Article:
Action With Progress<TProgress> Interface
Represents an asynchronous action that can report progress updates to callers. This is the return type for all Windows Runtime asynchronous methods that don't have a result object, but do report progress to callback listeners.
public interface class IAsyncActionWithProgress : IAsyncInfo
/// [Windows.Foundation.Metadata.ContractVersion(Windows.Foundation.FoundationContract, 65536)] /// [Windows.Foundation.Metadata.Guid(527282776, 59395, 18593, 149, 70, 235, 115, 83, 57, 136, 132)] template <typename TProgress> struct IAsyncActionWithProgress : IAsyncInfo
[Windows.Foundation.Metadata.ContractVersion(typeof(Windows.Foundation.FoundationContract), 65536)] [Windows.Foundation.Metadata.Guid(527282776, 59395, 18593, 149, 70, 235, 115, 83, 57, 136, 132)] public interface IAsyncActionWithProgress<TProgress> : IAsyncInfo
Public Interface IAsyncActionWithProgress(Of TProgress) Implements IAsyncInfo
Windows 10 requirements
Windows 10 (introduced in 10.0.10240.0)
Windows.Foundation.FoundationContract (introduced in v1.0)
For example C++/WinRT code illustrating how to handle the Progress event, see Delegate types for asynchronous actions and operations.
IAsyncActionWithProgress<TProgress> is the return type for all Windows Runtime asynchronous methods that don't communicate a result object, but do enable an app to check the progress of the action. There aren't nearly as many of these as there are methods that use IAsyncAction. IAsyncAction APIs don't report progress and don't have a result.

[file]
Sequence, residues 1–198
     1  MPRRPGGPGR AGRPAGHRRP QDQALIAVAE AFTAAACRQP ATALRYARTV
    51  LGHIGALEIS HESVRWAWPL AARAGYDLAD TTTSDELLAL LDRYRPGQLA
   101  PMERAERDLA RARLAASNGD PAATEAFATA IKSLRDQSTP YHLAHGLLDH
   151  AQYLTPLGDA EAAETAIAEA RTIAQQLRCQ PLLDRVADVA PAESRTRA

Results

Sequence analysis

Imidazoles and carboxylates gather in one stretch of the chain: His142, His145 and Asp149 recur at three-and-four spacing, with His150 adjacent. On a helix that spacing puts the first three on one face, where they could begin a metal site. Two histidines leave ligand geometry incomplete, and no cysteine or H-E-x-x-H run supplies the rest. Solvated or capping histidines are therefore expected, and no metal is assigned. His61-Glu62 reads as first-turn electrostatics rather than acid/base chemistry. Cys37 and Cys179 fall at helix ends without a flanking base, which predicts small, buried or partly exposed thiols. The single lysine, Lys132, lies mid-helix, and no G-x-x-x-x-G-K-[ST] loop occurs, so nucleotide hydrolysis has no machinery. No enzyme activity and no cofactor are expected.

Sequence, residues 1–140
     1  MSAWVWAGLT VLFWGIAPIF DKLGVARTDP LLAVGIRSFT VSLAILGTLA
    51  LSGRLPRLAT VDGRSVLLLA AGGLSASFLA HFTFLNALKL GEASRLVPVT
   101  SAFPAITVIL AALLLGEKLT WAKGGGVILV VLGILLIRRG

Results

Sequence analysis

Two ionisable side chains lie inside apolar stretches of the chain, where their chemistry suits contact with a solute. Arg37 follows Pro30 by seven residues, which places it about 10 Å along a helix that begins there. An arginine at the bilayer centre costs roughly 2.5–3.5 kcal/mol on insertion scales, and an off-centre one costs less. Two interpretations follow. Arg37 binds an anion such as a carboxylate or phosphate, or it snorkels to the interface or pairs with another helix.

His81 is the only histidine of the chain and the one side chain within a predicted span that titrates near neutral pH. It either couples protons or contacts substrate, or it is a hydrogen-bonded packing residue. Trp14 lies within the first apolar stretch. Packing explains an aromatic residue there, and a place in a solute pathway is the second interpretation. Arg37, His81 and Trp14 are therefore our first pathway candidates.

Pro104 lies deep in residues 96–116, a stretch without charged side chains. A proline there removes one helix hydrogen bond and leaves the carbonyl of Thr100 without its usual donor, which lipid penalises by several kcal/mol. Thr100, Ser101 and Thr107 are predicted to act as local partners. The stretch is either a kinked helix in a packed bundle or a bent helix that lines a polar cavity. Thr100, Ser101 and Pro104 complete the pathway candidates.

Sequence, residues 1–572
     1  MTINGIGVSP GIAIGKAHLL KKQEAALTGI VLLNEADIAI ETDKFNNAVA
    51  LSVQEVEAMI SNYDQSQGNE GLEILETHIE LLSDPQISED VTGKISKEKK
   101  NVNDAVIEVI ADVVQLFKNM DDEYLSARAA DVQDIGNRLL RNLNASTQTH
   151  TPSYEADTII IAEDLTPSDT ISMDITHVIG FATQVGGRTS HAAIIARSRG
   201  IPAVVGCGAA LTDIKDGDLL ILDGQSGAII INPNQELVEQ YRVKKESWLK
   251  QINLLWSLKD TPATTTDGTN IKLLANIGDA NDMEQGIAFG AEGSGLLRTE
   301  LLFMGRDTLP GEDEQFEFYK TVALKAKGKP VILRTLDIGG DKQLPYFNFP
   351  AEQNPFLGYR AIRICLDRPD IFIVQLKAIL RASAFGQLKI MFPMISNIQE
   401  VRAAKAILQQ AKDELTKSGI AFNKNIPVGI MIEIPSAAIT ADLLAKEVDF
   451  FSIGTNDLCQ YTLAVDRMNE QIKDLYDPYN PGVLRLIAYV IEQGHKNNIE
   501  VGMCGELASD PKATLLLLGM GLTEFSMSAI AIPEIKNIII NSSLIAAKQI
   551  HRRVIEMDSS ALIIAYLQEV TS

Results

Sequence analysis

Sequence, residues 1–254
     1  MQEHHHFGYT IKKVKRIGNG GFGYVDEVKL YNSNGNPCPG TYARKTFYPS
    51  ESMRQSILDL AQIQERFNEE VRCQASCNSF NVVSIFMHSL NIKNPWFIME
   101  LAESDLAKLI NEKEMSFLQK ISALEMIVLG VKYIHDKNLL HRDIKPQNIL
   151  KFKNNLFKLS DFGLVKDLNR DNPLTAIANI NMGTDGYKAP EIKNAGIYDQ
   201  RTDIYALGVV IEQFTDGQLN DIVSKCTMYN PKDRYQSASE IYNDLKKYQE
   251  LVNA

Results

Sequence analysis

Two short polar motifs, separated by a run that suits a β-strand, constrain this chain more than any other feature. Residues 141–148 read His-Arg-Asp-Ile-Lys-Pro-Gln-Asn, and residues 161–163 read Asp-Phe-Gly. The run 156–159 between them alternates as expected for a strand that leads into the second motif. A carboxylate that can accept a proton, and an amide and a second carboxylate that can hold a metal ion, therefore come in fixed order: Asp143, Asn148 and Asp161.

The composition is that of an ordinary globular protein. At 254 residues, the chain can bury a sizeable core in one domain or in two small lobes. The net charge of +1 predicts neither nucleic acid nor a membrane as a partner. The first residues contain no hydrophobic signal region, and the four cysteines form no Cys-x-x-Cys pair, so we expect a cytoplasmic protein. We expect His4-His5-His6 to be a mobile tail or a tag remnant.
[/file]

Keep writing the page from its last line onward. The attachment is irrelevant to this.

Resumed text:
Specifically, if you want to handle progress in .NET code, use the AsTask signature that in an extension usage has a single IProgress reference parameter. (In this usage, the progress unit is already constrained and matches the IAsyncActionWithProgress method you're using.) Provide an object that implements IProgress, and your Report method implementation is invoked each time the Windows Runtime method reports a progress notification.
To monitor the progress of the action (if not using the language-specific techniques described above), set the Progress property, providing it the name of a method that implements the AsyncActionProgressHandler<TProgress> delegate.
Notes to implementers
As with calling the existing methods, there are language-specific ways to define asynchronous methods that don't use IAsyncActionWithProgress<TProgress> directly. If writing code using .NET, your method can return a Task. For C++/CX, you can use the Concurrency runtime. However, if you're defining a component, you can use Task/task internally but you must return one of the Windows Runtime interfaces for your public methods. The language-specific asynchronous support types (and many other language-specific types you might conventionally use in code) can't be used for the public surface area of a Windows Runtime component.
Gets or sets the method that handles the action completed notification.
Gets a string that describes an error condition of the asynchronous operation.(Inherited from IAsyncInfo)
Gets the handle of the asynchronous operation.(Inherited from IAsyncInfo)
Gets or sets the callback method that receives progress notification.
Gets a value that indicates the status of the asynchronous operation.(Inherited from IAsyncInfo)
Cancels the asynchronous operation.(Inherited from IAsyncInfo)
Closes the asynchronous operation.(Inherited from IAsyncInfo)
Returns the results of the action.